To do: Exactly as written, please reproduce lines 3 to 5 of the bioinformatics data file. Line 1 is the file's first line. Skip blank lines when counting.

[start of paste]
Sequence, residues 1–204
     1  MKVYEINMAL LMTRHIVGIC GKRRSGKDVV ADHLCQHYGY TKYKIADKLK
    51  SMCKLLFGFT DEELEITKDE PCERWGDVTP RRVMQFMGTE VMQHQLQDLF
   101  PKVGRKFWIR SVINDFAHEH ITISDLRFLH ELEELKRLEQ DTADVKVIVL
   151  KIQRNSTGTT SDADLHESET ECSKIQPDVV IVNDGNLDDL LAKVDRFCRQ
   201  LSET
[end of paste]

    51  SMCKLLFGFT DEELEITKDE PCERWGDVTP RRVMQFMGTE VMQHQLQDLF
   101  PKVGRKFWIR SVINDFAHEH ITISDLRFLH ELEELKRLEQ DTADVKVIVL
   151  KIQRNSTGTT SDADLHESET ECSKIQPDVV IVNDGNLDDL LAKVDRFCRQ